5 minutes with Palesa Mokubung

Palesa Mokubung

Palesa Mokubung is the first African fashion designer to collaborate with retail giant, H&M. She shares how she achieved this incredible feat for her clothing label, Mantsho. By Kwanele Mathebula Picture supplied

My mother noticed my creative spirit and nurtured it from a young age. She encouraged me to express myself through creating things such as my own cards for special days and holidays. Her support made it easy to pursue a career in the arts after completing high school. In 2000, at her urging, I applied to study fashion design at Vanderbijlpark Technical College. Towards the end of that year, I began looking for work just to make extra cash. One day, I left college during lunch break and headed home. I changed into a skirt and t-shirt that I had made, and headed to Rosebank to look for a job. While there, I walked into Nkhensani Nkosi’s then store, Stoned Cherrie. She interviewed me on the spot and asked about my skirt. Coincidentally, she owned the same material I had used. She then asked me to make her the same skirt with her material. I made the skirt and was hired by the end of the week.

Working in fashion encouraged me to start my business. In 2001, I transferred to Parktown College because it was close to work. I split my time between work and school until I was promoted from sales assistant to designer a few months later. I spent the next three years learning about the fashion industry at Stoned Cherrie. But, I started to feel burnt out, and wanted a new challenge. So, I quit my job and with my mother’s help, started looking for competitions that I could enter. My mother found SABC 1’s youth talent competition show, S’camto Groundbreakers. I entered and won the fashion design category. I got to travel to places such as New York and India, where I met other young fashion designers. Seeing them pursue their dreams encouraged me to do the same. So, I launched Mantsho.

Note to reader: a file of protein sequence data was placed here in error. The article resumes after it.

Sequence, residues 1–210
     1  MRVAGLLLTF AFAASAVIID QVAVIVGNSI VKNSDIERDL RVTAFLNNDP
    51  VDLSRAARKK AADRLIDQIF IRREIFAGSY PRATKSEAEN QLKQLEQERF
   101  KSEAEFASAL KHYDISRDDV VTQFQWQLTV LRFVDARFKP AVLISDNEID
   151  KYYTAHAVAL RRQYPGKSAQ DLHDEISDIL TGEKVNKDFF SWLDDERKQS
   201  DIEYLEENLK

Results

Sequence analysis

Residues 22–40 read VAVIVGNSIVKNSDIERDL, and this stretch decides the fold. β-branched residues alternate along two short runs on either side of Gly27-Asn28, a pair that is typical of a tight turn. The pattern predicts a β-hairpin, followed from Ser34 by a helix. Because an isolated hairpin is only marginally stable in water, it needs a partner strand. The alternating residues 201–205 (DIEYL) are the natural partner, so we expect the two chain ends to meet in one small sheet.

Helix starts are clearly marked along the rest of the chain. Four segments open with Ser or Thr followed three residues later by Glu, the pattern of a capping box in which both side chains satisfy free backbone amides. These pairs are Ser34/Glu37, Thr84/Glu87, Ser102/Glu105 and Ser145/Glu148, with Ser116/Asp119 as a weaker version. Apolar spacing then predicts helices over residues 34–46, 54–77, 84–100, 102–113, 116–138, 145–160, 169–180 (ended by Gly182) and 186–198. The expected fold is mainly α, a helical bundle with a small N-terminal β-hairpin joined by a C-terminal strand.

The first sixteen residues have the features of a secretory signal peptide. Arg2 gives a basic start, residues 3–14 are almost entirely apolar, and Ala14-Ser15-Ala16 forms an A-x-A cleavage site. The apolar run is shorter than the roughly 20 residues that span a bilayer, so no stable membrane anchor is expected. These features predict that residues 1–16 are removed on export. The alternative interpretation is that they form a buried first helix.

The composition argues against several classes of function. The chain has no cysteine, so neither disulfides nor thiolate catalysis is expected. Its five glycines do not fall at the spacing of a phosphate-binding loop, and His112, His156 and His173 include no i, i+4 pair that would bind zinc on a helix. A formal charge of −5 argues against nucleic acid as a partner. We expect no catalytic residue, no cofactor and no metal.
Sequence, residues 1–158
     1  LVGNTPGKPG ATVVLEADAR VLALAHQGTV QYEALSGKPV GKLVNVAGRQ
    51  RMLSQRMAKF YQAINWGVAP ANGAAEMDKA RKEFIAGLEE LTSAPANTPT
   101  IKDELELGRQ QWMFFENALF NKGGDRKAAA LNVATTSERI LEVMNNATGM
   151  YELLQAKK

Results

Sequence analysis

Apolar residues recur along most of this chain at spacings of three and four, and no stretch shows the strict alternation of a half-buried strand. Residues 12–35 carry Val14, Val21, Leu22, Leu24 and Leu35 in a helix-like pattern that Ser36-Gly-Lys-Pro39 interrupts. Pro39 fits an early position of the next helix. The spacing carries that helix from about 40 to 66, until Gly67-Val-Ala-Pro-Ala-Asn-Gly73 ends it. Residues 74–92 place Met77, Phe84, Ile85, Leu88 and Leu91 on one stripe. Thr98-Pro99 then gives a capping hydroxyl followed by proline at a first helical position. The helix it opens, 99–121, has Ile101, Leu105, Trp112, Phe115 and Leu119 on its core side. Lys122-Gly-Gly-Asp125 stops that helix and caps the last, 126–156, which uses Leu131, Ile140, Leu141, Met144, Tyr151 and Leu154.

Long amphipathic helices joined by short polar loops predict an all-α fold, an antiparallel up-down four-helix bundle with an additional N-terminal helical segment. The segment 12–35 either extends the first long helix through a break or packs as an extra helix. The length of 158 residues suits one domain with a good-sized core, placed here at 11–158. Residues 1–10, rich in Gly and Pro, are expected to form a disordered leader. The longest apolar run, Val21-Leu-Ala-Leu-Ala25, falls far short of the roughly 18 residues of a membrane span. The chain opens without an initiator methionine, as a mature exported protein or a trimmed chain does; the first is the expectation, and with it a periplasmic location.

I started running Mantsho in 2004. I ran my business for a year before officially registering it because I was uncertain about where it was going. I soon realised that this was because I lacked the technical and business skills to run it. I was also financing it out of my own pocket. This impacted my creativity because I was constantly stressed about keeping it operational and couldn’t focus on designing. I then realised that if I wanted Mantsho to grow, I had to go back to school. In 2011, I registered to study design at the Design School of South Africa, and completed my Bachelor of Arts in Design degree in 2013.

Going back to school helped me improve my business.  School provided me with a better understanding of packaging, textiles and business. In my free time, I read business articles that educated me on how to run the business. Eventually, I opened my flagship store at 27 Boxes in Melville in 2016. This set the stage for me to collaborate with other businesses. In 2018, I got a call from H&M’s team about a possible collaboration. I then met with their local and international team at my studio and store. A few weeks later, they called to tell me that they wanted to collaborate on a 14-item collection that would be available locally and internationally. This was affirming for me because of the hard work that I’ve put into the business. The collection hits stores on 15 August 2019, in 25 stores nationwide. It will also be available in 61 stores globally which is huge for me and my business, the fashion industry and the continent.

SEE ALSO: Skeem Saam actor Cedric Fourie talks about fatherhood